More items found at Jokai temple ruins

The seven-member archaeological team, which recently discovered the ruins of ancient temple during excavation in Jokai Than-gaon, 15km from here, has found four silver flowers and some British coins at the site.

By Avik Chakraborty in Dibrugarh
  • Published 15.02.18
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Ruins of the temple. Picture by Avik Chakraborty

Dibrugarh: The seven-member archaeological team, which recently discovered the ruins of ancient temple during excavation in Jokai Than-gaon, 15km from here, has found four silver flowers and some British coins at the site.

Chabina Hassan, exploration officer, Directorate of Archaeology, Guwahati, said, "On January 1, we started excavation at Moiramora archaeological site after getting the nod from the government and discovered ruins of an ancient temple. We have found pottery, British coins and silver flowers which were offered to the goddess. We cannot confirm the exact year when the temple was built. But we believe it must have been built in the eighth or ninth century. We found bricks at Hojai Na Nath temple during excavation, which are similar to the temple here. We will send the brick samples for optically stimulated luminescence test in Dehradun."

Earlier, the team recovered three stone sculptures and other like clay plates, pottery items and silvery jewellery.

Hassan said Lahowal MLA Rituparna Barua had requested them to conduct exploration in the area. "Because the area was listed as an archaeological site, we applied for permission to carry out excavation. We found one side of the temple while the other side was washed away by the Dehing river. We believe it could be one of the ancient temples in Assam."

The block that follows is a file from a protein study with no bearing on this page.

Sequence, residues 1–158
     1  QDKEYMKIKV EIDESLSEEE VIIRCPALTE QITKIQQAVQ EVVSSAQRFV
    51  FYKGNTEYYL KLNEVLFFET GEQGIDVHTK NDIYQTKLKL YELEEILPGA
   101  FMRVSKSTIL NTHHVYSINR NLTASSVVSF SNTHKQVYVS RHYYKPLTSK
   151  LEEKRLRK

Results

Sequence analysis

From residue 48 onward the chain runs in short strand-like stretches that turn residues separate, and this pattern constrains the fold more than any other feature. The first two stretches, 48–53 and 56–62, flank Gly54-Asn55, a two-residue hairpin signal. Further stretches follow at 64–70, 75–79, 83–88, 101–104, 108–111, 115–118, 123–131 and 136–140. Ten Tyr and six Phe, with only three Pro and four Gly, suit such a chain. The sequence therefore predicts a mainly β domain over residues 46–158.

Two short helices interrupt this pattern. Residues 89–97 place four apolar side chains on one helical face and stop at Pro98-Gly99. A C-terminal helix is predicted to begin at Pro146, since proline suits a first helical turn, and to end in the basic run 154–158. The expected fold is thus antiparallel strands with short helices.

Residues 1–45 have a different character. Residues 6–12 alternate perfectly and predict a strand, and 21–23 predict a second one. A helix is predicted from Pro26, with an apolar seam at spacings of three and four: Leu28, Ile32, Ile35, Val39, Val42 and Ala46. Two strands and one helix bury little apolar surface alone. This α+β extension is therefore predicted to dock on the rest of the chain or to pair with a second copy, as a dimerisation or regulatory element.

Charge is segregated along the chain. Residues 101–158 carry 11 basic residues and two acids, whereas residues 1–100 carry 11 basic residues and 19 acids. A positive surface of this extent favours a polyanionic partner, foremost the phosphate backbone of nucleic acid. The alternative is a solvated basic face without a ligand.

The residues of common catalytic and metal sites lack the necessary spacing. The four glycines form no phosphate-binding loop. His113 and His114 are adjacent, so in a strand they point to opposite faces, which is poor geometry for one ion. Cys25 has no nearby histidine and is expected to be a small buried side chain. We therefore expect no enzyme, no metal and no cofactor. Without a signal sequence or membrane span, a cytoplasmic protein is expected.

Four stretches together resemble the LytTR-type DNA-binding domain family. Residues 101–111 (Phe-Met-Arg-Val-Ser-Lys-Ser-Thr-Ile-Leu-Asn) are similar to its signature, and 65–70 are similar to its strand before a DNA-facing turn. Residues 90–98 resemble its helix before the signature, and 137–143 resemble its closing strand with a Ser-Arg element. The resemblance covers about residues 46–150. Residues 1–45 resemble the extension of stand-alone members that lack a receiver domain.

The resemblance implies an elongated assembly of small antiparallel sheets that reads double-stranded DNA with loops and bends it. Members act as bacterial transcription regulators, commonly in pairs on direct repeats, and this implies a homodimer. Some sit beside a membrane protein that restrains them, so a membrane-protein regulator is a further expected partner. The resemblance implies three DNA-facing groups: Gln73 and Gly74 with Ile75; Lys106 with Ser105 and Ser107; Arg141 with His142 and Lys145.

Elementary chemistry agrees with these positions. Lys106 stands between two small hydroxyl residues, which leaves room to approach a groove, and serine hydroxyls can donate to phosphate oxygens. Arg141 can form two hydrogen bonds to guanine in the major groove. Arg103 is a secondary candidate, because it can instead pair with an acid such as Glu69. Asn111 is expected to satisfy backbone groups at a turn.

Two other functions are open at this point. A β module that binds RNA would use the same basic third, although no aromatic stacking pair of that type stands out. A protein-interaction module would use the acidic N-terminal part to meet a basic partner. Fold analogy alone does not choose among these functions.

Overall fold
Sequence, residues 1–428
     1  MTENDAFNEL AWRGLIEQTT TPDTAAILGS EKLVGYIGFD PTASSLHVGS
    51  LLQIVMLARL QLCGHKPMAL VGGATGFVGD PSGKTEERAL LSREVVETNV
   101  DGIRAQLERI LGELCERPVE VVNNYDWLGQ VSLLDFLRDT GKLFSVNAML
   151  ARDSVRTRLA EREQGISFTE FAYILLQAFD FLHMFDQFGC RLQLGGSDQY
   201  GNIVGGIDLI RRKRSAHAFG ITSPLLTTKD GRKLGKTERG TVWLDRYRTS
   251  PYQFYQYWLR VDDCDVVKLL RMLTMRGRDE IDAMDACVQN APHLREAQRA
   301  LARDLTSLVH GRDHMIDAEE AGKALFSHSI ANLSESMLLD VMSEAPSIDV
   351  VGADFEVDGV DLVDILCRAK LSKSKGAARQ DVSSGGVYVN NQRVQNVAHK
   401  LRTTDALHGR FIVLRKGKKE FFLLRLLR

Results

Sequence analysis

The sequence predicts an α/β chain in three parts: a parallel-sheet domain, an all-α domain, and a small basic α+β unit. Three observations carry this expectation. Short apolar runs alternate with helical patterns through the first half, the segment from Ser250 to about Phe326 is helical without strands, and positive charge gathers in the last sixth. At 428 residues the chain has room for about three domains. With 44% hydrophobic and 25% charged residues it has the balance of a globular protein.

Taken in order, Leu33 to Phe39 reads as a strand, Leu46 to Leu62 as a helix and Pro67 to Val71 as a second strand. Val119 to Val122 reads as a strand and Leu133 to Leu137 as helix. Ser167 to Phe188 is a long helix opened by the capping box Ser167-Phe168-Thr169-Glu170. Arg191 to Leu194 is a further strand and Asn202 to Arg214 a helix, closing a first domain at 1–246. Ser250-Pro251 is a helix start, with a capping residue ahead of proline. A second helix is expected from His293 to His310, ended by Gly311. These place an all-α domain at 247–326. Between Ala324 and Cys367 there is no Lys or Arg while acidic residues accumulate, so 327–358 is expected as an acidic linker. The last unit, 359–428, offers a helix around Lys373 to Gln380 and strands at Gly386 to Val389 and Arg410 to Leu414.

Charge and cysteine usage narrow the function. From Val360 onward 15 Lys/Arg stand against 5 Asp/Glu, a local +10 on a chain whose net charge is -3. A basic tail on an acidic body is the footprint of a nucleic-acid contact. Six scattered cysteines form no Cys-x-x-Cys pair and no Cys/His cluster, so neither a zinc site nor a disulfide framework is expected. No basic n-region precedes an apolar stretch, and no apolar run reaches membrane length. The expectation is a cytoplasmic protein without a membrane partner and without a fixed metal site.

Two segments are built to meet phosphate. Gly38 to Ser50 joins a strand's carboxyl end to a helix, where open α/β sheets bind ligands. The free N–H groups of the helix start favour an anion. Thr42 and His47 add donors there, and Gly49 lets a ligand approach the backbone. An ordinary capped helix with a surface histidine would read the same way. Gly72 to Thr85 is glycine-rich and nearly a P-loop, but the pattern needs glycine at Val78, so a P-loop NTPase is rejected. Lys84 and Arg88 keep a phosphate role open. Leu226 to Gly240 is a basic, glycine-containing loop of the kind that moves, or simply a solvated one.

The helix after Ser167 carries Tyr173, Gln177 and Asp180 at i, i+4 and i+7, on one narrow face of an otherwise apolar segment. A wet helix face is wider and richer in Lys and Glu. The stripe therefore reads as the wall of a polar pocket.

She said they are thinking of building a museum at the site to preserve the temple ruins. "We have no funds to build a museum. But if the Assam government helps us to build one, we will be able to preserve the ruins," she said.

She said professor Alok Tripathi of Assam University's history department, was assisting them in the excavation.

The team believes that the temple could have been built during the reign of the Salastambha dynasty, which ruled Assam from 675AD to 725AD.

Prof. Tripathi said the temple was small but its architecture showed it was an ancient temple. "After proper research, it may open many shades of ancient history."

Vishva Hindu Parishad (VHP) members on Sunday visited the site and interacted with the team.

Pollav Chakravorty, president of VHP's Dibrugarh nagar committee said, "Its a proud moment. We should conserve the rich heritage and we demand Assam chief minister Sarbananda Sonowal to build a museum to preserved the ancient ruins."